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Survivor Moms: After the Birth

March 9th, 2008 (11:30 am)

Hi! Mickey Sperlich here, sitting in for Jan’s blog one more time. I was sharing with you about the forthcoming book “Survivor Moms: Women’s Stories of Birthing, Mothering and Healing after Sexual Abuse.” In addition to the chapters on “Life before Motherhood”, “Pregnancy”, and “Labor & Birth”, we’ve included chapters on “Postpartum & Breastfeeding”, “Mothering & Attachment”, and “Healing & Survivorship”. Like I mentioned before, what the survivor moms who contributed to this book had to say about their lives as mothers went far beyond the experience of pregnancy and birth. Indeed, as I’m sure many of you have either experienced or shared with your clients, getting the baby born, difficult as that can be sometimes, in the final analysis turns out to be the easy part! Until those babes come out with detailed, easy-to-follow instruction manuals, we are on our own when it comes to figuring out how to parent! For any woman, making the transition to motherhood can be complicated. For moms who are also survivors of sexual abuse, further challenges can present.

Our postpartum and breastfeeding chapter is devoted to helping survivor moms figure out their immediate and practical needs during the postpartum period. These needs include processing their birth, especially if it was experienced as traumatic or triggering, learning the signs and symptoms of postpartum depression, and figuring out how to get the practical, daily help they will need in place and working. We look at what supports are available for women, including peers, community, and therapy, and how a survivor mom can go about figuring out trustworthy individuals with which to share her burdens. The vast majority of the moms who contributed to this book had the desire to breastfeed, yet it was very challenging for many of the moms. We address the specific needs a survivor might have around breastfeeding, and offer expert advice for clinicians who assist moms.

Becoming attached to your child may seem like the most natural thing...unless you have had a disordered attachment yourself, and have had no good role modeling for what healthy relationships look like. In the Mothering & Attachment chapter, moms share their struggles with their relationships with their children, and their fears about keeping them safe from harm. They share the challenges of trying to be a good mother and at the same time create time and reserve energy to care for their own mental health. They worry about becoming abusers themselves (though most do not) and how to go about breaking the cycle of violence that has been passed down to them. And they report joyous moments which make motherhood a significant part of their healing journey.

The last chapter of our book is all about what survivors have to say about their healing journeys in general, and different aspects of survivorship. They talk about their relationships with family and friends, and therapies that have proved to be most helpful to them. They offer advice about what good therapy looks like. We share further advice from respected therapists who work with survivors about what to look for in a therapeutic relationship, and some common issues that arise for survivors who are in therapy. Women tell us about how being a volunteer, or an activist, or a caregiver to other women, is an important part of their healing journey. And above all, the women offer many words of encouragement to their sisters on the journey who are struggling, underscoring one of the most important messages that all survivors need to hear: YOU ARE NOT ALONE. Many others share your struggle. Many women have experienced the most horrible kinds of abuse have become caring and competent mothers who raise their children in loving, safe homes, and do everything they can to end the cycle of violence. With help, everything is possible.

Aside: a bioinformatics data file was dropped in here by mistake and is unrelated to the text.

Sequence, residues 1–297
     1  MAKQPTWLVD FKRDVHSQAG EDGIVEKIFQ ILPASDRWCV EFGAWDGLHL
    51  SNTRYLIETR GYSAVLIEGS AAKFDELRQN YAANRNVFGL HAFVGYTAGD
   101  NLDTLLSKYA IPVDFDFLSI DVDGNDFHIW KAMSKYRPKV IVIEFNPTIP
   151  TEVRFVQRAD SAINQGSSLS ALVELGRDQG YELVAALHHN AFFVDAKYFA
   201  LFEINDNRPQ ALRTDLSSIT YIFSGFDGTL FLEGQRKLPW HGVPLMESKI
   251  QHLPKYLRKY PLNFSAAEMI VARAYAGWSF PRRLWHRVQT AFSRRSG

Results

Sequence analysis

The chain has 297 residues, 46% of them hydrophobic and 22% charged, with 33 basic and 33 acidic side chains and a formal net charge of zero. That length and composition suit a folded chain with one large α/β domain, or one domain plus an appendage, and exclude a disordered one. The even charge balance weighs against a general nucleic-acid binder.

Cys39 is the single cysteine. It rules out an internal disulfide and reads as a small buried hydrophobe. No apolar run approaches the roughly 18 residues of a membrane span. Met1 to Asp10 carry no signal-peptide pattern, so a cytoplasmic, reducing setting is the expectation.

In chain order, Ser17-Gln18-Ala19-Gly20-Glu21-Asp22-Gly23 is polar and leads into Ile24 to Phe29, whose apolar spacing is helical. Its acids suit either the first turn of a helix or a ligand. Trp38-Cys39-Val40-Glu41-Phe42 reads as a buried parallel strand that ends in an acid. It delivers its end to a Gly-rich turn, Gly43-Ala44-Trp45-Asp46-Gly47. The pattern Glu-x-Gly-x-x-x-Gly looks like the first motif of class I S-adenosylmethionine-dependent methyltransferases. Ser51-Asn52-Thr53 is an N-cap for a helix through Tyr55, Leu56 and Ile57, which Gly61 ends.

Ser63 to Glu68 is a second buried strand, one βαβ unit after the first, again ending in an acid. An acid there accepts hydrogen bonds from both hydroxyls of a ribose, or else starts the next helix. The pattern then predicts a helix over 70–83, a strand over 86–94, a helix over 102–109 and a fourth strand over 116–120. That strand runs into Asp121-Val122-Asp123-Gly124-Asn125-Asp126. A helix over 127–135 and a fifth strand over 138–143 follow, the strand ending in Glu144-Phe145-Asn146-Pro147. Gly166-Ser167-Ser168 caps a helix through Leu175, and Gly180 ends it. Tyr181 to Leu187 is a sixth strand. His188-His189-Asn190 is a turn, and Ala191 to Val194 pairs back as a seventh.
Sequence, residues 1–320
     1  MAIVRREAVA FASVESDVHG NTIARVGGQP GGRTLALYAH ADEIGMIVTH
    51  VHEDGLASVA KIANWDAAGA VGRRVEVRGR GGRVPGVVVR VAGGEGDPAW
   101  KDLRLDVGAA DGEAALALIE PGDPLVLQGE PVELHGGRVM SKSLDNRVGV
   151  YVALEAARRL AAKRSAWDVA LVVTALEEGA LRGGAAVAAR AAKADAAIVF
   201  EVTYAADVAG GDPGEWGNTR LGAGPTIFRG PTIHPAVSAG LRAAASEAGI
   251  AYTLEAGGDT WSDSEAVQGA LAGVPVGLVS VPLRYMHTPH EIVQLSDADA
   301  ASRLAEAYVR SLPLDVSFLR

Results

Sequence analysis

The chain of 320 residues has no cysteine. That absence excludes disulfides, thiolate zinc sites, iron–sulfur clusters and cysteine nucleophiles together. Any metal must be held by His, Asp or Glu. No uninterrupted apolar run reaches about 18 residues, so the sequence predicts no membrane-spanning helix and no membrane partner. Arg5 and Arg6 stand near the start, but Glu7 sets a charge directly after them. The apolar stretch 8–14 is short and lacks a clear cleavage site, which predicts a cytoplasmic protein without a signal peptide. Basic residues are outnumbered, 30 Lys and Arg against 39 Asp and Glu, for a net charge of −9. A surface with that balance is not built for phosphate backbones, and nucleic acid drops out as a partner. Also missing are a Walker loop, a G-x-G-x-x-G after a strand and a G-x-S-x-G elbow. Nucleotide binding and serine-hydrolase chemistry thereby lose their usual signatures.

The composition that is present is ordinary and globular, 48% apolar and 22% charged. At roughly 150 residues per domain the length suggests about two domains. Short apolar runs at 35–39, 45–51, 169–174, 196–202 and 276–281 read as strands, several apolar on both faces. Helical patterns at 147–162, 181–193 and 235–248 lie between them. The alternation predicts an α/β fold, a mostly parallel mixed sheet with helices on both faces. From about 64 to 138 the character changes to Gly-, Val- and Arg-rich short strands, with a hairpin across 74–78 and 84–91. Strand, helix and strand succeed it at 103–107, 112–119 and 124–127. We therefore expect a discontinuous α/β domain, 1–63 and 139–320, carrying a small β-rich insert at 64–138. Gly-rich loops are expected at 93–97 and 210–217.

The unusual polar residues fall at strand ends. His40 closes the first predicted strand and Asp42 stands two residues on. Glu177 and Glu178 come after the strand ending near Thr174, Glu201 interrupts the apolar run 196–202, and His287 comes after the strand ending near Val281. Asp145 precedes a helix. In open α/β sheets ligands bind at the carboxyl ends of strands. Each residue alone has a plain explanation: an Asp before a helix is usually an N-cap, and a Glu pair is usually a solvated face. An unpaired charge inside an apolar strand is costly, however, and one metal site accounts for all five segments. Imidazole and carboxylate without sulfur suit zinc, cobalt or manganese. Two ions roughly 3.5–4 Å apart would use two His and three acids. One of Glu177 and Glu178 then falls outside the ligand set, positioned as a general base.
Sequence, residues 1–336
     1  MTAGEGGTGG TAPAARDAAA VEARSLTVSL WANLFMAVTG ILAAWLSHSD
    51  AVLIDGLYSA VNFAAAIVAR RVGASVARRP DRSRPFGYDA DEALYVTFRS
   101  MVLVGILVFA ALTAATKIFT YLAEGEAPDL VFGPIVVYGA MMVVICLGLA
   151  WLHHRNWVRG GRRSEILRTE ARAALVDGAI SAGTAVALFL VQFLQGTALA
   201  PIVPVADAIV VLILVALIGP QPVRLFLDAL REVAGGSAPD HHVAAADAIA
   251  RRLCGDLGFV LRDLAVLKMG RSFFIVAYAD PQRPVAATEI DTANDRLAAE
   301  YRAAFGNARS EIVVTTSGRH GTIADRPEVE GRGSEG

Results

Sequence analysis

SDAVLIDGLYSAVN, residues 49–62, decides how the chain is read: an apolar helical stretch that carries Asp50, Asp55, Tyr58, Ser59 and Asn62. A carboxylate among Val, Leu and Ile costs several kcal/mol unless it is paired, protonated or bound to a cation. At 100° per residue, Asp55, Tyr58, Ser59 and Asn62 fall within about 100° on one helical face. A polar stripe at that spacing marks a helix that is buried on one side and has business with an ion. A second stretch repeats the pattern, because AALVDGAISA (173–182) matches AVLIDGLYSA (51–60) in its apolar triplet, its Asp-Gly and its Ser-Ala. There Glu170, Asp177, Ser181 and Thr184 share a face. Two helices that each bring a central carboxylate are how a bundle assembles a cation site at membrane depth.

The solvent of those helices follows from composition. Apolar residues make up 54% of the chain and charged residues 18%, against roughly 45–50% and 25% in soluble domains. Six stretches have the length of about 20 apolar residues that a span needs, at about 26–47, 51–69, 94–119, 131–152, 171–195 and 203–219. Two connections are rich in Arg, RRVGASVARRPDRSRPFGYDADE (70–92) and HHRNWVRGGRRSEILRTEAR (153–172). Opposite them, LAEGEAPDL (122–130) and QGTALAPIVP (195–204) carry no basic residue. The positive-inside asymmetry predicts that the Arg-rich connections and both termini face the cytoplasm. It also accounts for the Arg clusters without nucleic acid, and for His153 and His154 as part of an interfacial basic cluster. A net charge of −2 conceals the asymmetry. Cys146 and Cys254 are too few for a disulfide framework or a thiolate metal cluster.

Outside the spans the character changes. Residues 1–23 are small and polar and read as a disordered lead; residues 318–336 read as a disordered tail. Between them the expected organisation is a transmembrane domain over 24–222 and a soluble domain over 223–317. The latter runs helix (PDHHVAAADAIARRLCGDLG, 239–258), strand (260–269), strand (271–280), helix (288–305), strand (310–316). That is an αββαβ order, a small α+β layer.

I have been so honored to learn from these women’s stories, and I am so excited to FINALLY get a chance to share their stories with all of you. I hope that you will read this book and learn from these women’s lives. And I hope that you will find healing in your own life. Thank you so much, Jan, and thank you so much, everybody at Midwifery Today and Motherbaby Press, for facilitating this sharing. I look forward to seeing everyone at the Hope & Healing conference in May!
Best wishes,
Mickey Sperlich


Posted by: Jennifer (jenbeckpdx)
Posted at: March 20th, 2008 07:54 am (UTC)

hi my name is jen and i am a recent transplant from portland to eugene. my daughter and i are living in a local domestic violence shelter. i plan on staying in eugene to get away from my abuser. and the bummer is that i was dead set on going to birthingway college in portland next year. is there another school of midwifery in the area? and if so, do they accept financial aid? if not, how do i get into it with direct internship? i don't know how to find preceptors. any advice is greatly needed, as i am starting from scratch.

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